Transport Action welcomes the long-awaited announcement of the Request For Information for the replacement of VIA Rail’s long-distance train fleet, which was issued on January 27th, 2023, and will urge the government support VIA Rail in moving the process forward as quickly as possible.
It was already clear that the remaining life of VIA Rail’s heritage stainless-steel fleet was limited before the engineering report in the fall that prompted the deployment of unoccupied buffer cars to address concerns about the remaining structural strength of the aging equipment. The balance of the long-distance fleet are mild-steel Renaissance cars, acquired in 2001, which have not proved durable under Canadian conditions and are now similarly life-expired.
The urgent question has been, and continues to be, whether these trains will be replaced before the existing fleet had to be withdrawn, if at all. If so, will the replacement be a worthy and fitting successor to the splendor of the Canadian when it first launched in 1955, able to carry visitors and Canadian alike across the great distances of our vast country in style, combined with 21st century standards for accessibility?
To that end, Transport Action has highlighted the need to allow VIA Rail to start the procurement process in conversations and communications with Transport Canada and politicians for the past several years. The RFI follows the presentation of a business case by VIA Rail to the government over the summer, and an industry information day which was held last spring.
The engineering report brought the issue into sharp focus for Ottawa, particularly the possibility of having to withdraw the equipment entirely and suspend services if any further defects come to light in the teardown inspections and testing now underway at the National Research Council and CAD Rail. Thankfully, indications at the time of writing are that the results are positive, which is just as well because the process of procurement, development, production and testing for a new long-distance fleet could easily take seven or more years from the time the funding is committed. Therefore, we will continue asking for the government to allocate full funding upfront, in next federal budget, to ensure there are no unnecessary hold-ups in the process.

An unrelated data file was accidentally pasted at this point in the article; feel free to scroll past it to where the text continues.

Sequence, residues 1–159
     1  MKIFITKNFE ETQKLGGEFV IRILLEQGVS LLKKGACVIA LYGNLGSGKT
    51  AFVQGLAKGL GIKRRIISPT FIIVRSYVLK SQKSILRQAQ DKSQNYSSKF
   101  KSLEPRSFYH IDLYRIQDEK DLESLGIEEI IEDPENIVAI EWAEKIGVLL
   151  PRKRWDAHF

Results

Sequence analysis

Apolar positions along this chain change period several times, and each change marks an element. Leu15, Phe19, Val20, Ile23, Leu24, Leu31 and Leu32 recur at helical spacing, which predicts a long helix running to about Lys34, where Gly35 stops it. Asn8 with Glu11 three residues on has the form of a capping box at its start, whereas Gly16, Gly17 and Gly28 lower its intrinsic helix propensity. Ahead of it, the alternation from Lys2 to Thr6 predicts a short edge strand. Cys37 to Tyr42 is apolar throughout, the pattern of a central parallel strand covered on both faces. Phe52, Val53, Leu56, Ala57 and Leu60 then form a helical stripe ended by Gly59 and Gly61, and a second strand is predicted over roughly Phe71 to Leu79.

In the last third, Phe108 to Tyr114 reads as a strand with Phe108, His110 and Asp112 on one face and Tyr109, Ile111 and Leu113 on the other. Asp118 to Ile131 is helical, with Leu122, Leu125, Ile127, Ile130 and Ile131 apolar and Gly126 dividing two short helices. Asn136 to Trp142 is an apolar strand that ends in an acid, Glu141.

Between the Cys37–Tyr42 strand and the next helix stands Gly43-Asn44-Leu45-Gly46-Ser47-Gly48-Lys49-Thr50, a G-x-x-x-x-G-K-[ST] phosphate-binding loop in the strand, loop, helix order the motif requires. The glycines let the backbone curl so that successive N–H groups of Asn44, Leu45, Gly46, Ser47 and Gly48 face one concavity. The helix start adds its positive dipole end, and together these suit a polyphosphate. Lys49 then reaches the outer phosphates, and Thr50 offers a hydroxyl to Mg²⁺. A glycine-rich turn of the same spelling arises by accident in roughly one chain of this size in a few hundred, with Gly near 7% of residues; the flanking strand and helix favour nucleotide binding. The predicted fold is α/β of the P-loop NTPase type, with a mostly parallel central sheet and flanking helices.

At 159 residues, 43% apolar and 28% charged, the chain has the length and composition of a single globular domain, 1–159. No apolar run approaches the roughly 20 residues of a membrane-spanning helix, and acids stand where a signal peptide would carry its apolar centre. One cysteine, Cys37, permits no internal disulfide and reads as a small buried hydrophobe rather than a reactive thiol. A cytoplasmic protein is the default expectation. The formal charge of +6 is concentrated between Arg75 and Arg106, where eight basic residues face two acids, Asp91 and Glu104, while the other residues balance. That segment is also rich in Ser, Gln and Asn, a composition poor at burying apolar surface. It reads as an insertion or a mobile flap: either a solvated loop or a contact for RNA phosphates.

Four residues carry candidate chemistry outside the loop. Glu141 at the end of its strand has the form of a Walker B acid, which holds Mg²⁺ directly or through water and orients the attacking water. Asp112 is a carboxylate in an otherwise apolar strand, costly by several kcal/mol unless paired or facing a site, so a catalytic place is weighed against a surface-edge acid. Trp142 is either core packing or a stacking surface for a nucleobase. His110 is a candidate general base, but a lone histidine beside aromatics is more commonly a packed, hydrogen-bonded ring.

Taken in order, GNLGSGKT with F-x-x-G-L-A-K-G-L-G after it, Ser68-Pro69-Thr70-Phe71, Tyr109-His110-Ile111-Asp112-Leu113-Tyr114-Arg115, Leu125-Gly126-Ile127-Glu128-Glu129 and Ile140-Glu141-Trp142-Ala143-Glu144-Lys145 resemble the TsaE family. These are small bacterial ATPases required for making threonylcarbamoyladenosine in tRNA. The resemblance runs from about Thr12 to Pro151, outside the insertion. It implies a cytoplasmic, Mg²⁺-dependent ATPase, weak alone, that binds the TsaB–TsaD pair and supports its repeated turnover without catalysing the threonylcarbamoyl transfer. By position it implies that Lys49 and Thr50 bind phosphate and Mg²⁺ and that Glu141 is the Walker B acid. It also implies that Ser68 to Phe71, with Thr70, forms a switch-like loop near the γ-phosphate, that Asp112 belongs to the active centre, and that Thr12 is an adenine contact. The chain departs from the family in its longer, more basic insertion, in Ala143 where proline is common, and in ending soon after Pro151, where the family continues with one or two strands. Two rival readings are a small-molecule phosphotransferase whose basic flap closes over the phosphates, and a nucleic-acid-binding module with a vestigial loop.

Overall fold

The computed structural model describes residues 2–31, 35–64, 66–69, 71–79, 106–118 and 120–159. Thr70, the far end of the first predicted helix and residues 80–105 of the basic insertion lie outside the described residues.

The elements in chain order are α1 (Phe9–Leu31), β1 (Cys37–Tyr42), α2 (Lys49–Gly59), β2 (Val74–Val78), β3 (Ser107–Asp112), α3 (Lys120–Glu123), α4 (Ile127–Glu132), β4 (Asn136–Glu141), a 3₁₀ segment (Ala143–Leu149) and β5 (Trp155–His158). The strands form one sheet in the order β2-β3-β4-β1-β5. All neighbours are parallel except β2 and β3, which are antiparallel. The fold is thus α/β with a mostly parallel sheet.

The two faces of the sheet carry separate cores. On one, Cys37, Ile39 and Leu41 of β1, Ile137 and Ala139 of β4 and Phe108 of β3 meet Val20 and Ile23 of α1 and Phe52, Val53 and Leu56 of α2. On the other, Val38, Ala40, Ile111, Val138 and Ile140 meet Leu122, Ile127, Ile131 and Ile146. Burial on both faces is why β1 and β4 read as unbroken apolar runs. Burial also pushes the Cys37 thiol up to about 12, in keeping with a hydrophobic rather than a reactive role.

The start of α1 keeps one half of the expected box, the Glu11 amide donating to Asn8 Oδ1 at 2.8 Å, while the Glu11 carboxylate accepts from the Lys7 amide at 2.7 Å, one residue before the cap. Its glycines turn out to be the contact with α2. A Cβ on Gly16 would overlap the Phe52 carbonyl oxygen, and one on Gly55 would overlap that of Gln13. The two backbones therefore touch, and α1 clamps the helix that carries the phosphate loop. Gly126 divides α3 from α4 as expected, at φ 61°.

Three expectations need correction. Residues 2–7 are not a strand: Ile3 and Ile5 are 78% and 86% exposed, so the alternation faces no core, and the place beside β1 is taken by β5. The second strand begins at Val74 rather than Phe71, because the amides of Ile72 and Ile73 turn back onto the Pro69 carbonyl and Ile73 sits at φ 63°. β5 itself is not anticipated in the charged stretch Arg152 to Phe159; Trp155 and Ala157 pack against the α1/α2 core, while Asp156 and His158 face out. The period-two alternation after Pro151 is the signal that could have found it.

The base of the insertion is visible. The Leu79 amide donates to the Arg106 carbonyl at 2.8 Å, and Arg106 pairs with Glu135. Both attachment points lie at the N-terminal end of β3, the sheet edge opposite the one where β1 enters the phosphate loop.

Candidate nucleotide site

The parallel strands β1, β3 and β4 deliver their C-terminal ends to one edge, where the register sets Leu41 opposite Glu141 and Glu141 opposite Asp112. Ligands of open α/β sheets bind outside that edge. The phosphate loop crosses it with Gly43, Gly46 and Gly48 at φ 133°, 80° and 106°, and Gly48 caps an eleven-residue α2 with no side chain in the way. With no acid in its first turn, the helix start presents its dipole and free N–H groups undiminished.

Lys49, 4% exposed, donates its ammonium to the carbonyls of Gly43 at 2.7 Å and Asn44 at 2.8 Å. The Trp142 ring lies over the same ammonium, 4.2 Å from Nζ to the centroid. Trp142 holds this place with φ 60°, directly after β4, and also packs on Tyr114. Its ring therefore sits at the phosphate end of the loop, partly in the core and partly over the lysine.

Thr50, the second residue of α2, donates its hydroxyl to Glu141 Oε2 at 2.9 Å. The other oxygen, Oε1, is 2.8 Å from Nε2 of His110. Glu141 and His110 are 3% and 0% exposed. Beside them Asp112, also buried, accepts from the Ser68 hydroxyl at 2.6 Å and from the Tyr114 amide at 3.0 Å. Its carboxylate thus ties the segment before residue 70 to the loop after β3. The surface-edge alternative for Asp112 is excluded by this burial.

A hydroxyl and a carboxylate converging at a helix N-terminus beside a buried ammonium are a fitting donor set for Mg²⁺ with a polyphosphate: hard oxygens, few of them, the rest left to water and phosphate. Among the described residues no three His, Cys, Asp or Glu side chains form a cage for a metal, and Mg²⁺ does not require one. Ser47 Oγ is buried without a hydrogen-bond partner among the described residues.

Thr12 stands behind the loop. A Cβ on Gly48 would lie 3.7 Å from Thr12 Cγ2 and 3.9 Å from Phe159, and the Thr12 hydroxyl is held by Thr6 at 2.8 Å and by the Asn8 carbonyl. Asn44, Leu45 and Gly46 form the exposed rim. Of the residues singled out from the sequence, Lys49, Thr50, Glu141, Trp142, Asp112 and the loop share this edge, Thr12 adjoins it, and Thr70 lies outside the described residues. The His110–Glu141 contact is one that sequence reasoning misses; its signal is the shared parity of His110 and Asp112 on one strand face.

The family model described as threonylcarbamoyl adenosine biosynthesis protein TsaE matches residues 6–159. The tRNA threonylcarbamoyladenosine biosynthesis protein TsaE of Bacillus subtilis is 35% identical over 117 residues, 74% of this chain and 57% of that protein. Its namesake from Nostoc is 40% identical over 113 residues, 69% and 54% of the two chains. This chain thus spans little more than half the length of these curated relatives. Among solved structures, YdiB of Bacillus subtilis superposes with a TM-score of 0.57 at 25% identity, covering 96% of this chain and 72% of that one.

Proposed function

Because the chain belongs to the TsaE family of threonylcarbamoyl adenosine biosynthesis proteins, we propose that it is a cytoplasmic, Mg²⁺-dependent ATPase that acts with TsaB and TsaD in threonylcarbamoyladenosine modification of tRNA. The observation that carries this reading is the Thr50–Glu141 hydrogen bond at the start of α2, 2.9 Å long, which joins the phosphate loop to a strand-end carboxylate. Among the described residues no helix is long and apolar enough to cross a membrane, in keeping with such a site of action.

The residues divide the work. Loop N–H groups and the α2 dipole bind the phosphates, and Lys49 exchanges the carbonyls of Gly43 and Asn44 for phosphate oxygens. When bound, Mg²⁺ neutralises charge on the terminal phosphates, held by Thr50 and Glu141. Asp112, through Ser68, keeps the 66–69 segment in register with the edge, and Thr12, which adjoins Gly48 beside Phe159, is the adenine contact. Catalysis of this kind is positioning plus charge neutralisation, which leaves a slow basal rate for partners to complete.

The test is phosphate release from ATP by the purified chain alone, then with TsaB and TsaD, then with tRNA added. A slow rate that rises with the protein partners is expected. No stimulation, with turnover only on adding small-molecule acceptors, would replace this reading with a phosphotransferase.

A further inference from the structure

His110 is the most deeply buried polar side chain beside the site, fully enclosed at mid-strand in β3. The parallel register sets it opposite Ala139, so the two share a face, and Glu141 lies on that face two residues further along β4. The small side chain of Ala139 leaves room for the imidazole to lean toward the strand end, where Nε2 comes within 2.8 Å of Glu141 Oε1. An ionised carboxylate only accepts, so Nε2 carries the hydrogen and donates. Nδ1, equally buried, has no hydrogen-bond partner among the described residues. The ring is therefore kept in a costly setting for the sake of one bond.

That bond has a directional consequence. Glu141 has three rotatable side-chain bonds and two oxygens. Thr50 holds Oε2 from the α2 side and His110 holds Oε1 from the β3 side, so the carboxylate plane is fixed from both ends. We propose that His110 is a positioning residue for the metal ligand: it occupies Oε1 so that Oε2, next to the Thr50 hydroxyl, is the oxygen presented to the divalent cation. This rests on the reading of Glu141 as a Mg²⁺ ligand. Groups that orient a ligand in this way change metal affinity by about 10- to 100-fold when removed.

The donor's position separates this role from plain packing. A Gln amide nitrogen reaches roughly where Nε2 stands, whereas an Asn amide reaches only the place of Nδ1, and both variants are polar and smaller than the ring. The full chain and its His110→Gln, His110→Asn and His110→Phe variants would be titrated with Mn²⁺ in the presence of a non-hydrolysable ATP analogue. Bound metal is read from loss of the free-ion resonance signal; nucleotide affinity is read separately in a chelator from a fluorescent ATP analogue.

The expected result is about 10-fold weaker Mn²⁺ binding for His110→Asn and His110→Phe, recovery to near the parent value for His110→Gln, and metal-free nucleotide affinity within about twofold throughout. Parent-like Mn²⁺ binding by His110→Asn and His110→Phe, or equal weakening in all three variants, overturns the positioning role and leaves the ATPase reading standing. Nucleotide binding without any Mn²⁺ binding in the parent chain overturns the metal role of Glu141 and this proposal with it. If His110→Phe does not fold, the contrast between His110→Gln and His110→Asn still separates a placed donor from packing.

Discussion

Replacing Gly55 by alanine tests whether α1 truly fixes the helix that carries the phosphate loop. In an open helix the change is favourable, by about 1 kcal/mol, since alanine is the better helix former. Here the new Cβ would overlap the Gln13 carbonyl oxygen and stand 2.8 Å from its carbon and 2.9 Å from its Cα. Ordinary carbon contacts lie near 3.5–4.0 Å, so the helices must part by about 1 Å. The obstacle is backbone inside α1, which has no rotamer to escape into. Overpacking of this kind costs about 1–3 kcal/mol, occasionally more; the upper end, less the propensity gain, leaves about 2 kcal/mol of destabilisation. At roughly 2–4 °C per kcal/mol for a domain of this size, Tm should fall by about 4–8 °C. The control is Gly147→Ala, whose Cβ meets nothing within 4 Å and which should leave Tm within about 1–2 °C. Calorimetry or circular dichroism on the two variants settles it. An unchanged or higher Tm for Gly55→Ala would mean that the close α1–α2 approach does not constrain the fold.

We also stand by our recommendation that at least 16 accessible cars, to provide barrier-free accommodation on all overnight trains, be prioritized in the production sequence and delivered first. VIA Rail currently has only six accessible cabins in its entire fleet, two of which will be lost once the Renaissance equipment is retired. Accessible day coaches should also be prioritized, and the equipment designed in such a way that new equipment can be added to existing consists as soon as it is ready.
There were already no accessible cabins on the Churchill route and following the pandemic and the need to reserve some of the equipment for use as unoccupied buffers cars, the service level on that route has been severely curtailed with no dining cars, limited food service, and limited sleeper accommodation. This drastically limits VIA’s ability to attract tourist traffic to help fund the essential service to remote communities. The Skeena route to Prince Rupert faces similar difficulties, with Park cars being closed off and therefore no tourist class offering.
Amtrak has also recently launched its procurement to replace the Superliners and other equipment on its long-distance services by 2032, posting an RFI in December. (Long standing members and supporters will recall that a plan to replace VIA Rail’s fleet with new Superliners was scuppered in the 1980s.) There could be an opportunity to reduce costs through a joint procurement, similar to the approach used for the new corridor fleet. However, there is likely to be a desire to maintain a distinctively Canadian service concept and to involve Canadian manufacturing facilities, while Amtrak may find itself limited in its ability to benefit from a unified supply chain by “Buy America” mandates.